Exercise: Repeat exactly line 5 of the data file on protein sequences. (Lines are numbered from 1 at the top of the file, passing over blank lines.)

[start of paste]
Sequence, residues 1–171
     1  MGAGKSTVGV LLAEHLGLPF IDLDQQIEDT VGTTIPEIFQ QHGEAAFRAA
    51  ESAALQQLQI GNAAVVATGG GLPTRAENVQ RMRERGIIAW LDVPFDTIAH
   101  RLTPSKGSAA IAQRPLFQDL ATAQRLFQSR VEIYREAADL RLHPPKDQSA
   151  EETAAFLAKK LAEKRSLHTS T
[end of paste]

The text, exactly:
   151  EETAAFLAKK LAEKRSLHTS T